September 22, 2022
At Caterpillar, it’s true we help our customers build a better, more sustainable world. Getting the job done takes Caterpillar employees who design, build and deliver yellow iron to provide brawn that moves mountains. It also takes customers committed to doing the job at hand, sometimes under the most challenging conditions imaginable.
And once in a while, they are one and the same.
Tom was an engineer at Caterpillar when he enlisted in the U.S. Army in March 1942, two-and-a-half years after the start of World War II. Tom spent four months of duty working on the Alaska Highway – constructed during the war as a military transportation route connecting Alaska with strategic continental defense bases.
The highway had been commissioned earlier that year by U.S. President Franklin D. Roosevelt in cooperation with the Canadian government and originally stretched through 2,700 km (1,700 miles) of rugged wilderness. It was built in an astonishing eight months with crews working from both the northern and southern ends, meeting in the middle at mile 588 – now known as Contact Creek in Yukon.
Building the road was a daunting task by any standard.
The construction crew accompanying Tom comprised 1,200 soldiers, 45 officers, and more than $1 million (roughly equivalent to $17 million today) worth of heavy construction equipment. Most of them, Cat® machines. Tom later said that according to an officer, 1,850 of the 2,200 dozers on the project were built by Caterpillar.
The crew was on a tight deadline, and Tom described the environment as “raw, crude and ruthless.” The soldiers worked ahead of the machines, often in brutally cold temperatures, laying down timbers so the swampy ground could support heavy equipment. Once the swampland ended, swift-moving streams or lakes appeared, requiring the team to construct permanent bridges. Along the way, they converted raw lumber into bridge timbers, piles, and corduroy road materials. The spring brought melting snows and torrential rains, and summer weather ushered the arrival of mosquitoes and biting flies.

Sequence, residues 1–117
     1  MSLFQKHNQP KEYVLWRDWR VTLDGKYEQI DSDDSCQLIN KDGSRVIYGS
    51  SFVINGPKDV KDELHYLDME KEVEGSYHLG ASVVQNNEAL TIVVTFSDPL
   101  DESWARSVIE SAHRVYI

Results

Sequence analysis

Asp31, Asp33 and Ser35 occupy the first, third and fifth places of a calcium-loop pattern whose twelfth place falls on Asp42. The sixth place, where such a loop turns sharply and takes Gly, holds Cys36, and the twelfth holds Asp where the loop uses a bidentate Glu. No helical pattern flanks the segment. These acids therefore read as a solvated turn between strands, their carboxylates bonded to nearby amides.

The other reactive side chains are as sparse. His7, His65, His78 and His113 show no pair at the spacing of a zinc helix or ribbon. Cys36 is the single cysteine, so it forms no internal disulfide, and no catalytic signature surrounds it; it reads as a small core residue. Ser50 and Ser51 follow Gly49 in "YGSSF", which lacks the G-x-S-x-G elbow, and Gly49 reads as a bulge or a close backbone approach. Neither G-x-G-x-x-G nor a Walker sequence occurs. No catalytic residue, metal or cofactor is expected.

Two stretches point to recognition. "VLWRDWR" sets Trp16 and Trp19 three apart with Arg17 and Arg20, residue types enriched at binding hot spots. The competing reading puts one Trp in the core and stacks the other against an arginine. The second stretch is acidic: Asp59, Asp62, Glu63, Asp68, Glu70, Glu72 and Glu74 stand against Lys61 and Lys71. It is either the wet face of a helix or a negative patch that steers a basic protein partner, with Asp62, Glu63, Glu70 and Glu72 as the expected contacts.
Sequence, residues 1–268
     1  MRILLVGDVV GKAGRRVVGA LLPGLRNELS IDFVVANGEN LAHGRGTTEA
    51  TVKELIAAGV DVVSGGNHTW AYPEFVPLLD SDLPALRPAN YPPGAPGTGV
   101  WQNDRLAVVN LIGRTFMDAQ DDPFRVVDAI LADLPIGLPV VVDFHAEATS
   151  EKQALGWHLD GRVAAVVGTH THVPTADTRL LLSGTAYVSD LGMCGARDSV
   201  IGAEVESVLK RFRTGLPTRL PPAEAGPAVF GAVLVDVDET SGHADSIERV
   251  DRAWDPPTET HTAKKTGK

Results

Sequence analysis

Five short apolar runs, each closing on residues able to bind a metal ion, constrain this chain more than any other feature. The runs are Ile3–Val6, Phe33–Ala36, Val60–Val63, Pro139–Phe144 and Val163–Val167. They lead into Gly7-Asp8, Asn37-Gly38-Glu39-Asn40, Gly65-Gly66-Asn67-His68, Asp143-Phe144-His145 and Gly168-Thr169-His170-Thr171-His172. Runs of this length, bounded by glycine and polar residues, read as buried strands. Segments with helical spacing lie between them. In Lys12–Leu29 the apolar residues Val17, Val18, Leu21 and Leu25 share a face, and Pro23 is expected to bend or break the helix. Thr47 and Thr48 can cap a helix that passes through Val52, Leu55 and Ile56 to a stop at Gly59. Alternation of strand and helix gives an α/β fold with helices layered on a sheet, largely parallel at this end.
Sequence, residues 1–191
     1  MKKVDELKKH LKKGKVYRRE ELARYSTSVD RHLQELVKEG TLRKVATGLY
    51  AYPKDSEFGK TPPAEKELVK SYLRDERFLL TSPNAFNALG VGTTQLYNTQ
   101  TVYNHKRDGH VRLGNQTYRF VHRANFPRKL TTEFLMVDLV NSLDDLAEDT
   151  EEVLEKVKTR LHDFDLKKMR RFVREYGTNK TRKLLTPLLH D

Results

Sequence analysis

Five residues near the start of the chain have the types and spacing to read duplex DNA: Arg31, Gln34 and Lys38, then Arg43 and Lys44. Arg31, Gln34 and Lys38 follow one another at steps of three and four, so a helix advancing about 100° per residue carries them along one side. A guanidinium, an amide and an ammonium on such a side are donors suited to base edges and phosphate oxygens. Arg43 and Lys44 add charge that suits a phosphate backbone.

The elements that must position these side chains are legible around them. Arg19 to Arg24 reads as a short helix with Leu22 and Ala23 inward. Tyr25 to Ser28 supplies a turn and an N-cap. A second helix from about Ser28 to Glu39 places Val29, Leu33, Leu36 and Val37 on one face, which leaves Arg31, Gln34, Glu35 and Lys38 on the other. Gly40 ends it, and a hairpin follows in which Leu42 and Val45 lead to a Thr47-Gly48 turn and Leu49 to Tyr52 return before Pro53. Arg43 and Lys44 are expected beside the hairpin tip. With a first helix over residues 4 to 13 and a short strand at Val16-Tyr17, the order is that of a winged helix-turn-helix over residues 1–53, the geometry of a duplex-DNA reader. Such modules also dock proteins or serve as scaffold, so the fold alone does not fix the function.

The crew worked 14 – 18-hour days, seven days a week and ate fish and game they hunted along the way.
“During the entire road-building operation, the only recreation for the men had been almost a luxury and a necessity. Hunting and fishing were great. Virgin forests were full of game and untapped streams loaded with fish. It was more than a sport, however. It was fresh meat – something we didn’t have coming to us for a long time,” Tom said.
Tom recalled he was one of only seven men in his platoon with experience operating heavy construction equipment. As a motor officer, Tom’s primary job was to keep his crew’s machines, including 18 D8s and 20 D4s, running in mud, rain, and deep snow.
“Generally, I was familiar with the equipment. Right at home, in fact,” Tom recalled. “Men pushed the machines to their utmost power, and the machines responded. Through wooded expanses, our tractors pushed and up-rooted millions of board feet of jack pine and spruce. Trees were converted readily to our needs for timber for our bridges and our corduroy roads. ‘Cats’ seldom cooled their engines unless laid up for some repair. In such cases, I had to see they ran again.”
The highway was officially complete for military use in 1942. Tom’s crew “had been the last of seven road-building regiments to arrive at the job site,” yet finished the assignment in the shortest time.
After Tom’s military service, he rejoined Caterpillar and worked in the purchasing department until his retirement in 1976.
When the highway first opened for military use, it wasn’t suitable for automobile traffic. Over the years, it has continued to be upgraded and Cat equipment helped open the highway for public use in 1948.
Today, Caterpillar customers still use Cat equipment to maintain the iconic roadway.